Last month, Bon Appetit published a video in which Tyler Akin, a white male chef at Stock, a Vietnamese restaurant in Philadelphia, sent thousands of Southeast Asian pho eaters into a collective eye roll. Akin explained the "right" way to eat pho, Vietnam's aromatic signature soup made of beef bone broth, rice noodles, and a bevy of herbs and spices, including ginger, star anise, cloves, cinnamon, cardamom, fish sauce, and a hint of fennel as its character ingredients.
But pho is a lot like a Reese's Peanut Butter Cup: there is no wrong way to eat it.
It wasn't until I was a teen that I saw my mother, Le Thi Kim Ngân, and two of her sisters eating pho in the same room together. My mom, confirming that eating pho is not a beauty contest, shoveled noodles into her masticating jaws, pausing only to slurp the necessary bit of broth to wash the hot mess down. My youngest aunt used a fork—a fork!—to twirl her noodles spaghetti-style into the cradle of her spoon, then gracefully depressed it into the bowl, filling with broth what empty spaces remained. My oldest aunt, analytical and strategic, expertly crafted the perfect bite with exact proportions of noodles, broth, meat, sauce, and herb accoutrements. My mom loves the tendon (gân) and tripe (sách) with as many steamed bean sprouts as she can fit in her bowl; my husband, the meatballs (pho bò viên). My dad cooked beef flank (pho bò nam) with enough red chilies (ot cay) to kill a man, while I prefer mine rare and bloody (pho bò tái), simmered conveniently to tender perfection in its hot broth.
My brother, the chef, likes his pho simplest: noodles, broth, white and green onions. Crowned as our mother's perfect son and our family's beloved oldest male grandson, he dutifully serves his parents and me but is the first to begin eating. He does this humbly, complimenting effusively after the first bite but otherwise saying nothing until the last drop is gone. He, of all of us, must finish his bowl, to honor the dish and our mother's efforts in making it. The entire meal—first boil, colorful garnishes, the act of eating—is eccentric art and an act of love. Art and love just don't fit into "right" or "wrong" molds.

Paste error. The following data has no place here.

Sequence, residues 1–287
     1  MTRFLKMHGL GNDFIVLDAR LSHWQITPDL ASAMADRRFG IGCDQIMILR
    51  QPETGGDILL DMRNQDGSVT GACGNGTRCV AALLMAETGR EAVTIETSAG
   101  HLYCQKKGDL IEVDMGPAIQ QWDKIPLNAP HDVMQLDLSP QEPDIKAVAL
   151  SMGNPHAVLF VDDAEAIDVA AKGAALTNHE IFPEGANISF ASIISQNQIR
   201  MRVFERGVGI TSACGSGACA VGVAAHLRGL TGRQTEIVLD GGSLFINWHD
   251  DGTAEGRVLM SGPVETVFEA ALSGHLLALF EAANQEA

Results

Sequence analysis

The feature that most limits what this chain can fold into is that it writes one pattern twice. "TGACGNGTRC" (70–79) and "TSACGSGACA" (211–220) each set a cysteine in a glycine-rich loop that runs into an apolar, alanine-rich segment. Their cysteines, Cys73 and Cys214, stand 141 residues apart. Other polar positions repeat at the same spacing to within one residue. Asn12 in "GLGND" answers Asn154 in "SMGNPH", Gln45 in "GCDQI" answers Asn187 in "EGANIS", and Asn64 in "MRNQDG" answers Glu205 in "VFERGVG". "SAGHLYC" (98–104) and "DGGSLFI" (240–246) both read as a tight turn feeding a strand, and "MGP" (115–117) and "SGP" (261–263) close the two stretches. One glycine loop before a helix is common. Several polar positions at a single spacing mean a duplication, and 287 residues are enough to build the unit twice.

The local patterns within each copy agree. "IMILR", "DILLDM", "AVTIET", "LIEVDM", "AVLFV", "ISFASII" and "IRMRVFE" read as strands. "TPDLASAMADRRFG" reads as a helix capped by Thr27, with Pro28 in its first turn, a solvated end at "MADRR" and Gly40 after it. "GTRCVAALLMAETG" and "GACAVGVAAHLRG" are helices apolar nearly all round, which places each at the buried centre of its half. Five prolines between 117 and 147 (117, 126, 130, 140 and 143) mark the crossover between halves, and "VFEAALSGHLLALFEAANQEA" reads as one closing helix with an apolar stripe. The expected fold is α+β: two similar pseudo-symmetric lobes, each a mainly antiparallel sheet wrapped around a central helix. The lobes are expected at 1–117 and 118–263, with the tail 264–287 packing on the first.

It's the broth that makes pho, though the type and texture of the bánh pho rice noodles play a crucial supporting role in a great bowl. The added garnishes of basil, lime, cilantro, peppers, bean sprouts, sriracha, and hoisin have the power to either round out the dish beautifully with a delicate balance of bitter, sweet, sour, spicy, fresh, and crunchy, or can even mask a poorly made broth.
But none of that really matters. "An thit." Eat the meat, my mom still says to me, a leftover habit from her days in 1950s and 1960s Vietnam, when meat was expensive and not liberally doled out by the communist government. If I am to finish anything in my bowl, she explains, finish the most expensive part.
Pho, a traditional breakfast food, originated in North Vietnam, something the North Vietnamese carry with pride. But it's been reinterpreted very differently in central and South Vietnam. Pho is as debatable a topic in Vietnam as is pizza between New York and Chicago, or barbecue on either side of North Carolina.
My mother's pho, arguably the best in the States, is more than the sum of its parts. The flavors of her pho began simmering before I was born, created with what ingredients were available, affordable, or given to her family. Those first flavors were of desperation, necessity making a mother of invention. Those tastes changed after she fled, via one week on a slowly sinking fishing vessel on the South China Sea, holding my then four-year-old brother on her lap to avoid dysentery or a fall from the ship into shark-infested waters. They spent nine months in a Malaysian refugee camp. From there, her pho evolved into a crucial comfort. It was all she had left: five siblings and her own mother scattered across several countries, two siblings dead, their father in a re-education camp, and only the memories of food to give them a home.
Relief finally came in the form of American legal sponsorship. But she struggled—to establish roots, to stand up to racism and sexism. My mother tirelessly raised her son into an Asian man his peers would respect, and me, a daughter with a disability, into an assertive, outspoken Vietnamese-American woman. Through this process, her pho reflected hope and nostalgia. As she met Vietnamese people in the many different communities in which she lived, she'd sample their pho, and their own hopeful flavors reminded her of cherished people and places back home. That's my mom's pho.
I want you to eat, enjoy, and even reimagine pho. It is there for you to add your own flavor and spices, and to eat how you want. Like the country and its people, pho is a very warm, welcoming, "come as you are" and "make it what you wish" kind of dish.
But know what it took to get that bowl to your table. In that broth floats history, struggle, perseverance, and strength, garnished with political revolution and turmoil. This comfort food, likely your favorite hangover cure, was carried here on the laps of boat people, in the memories of refugees. Know that Vietnamese people—both in Vietnam and in the States—are deeply proud that Americans love their cuisine, as if to say, "At least the soup made it out OK." As my brother does, simply eat, and in eating, honor the culture of the soup, honor the story of my mother and her country. Honor its journey here, to your table.
This article appeared in print with the headline "Faux Pho"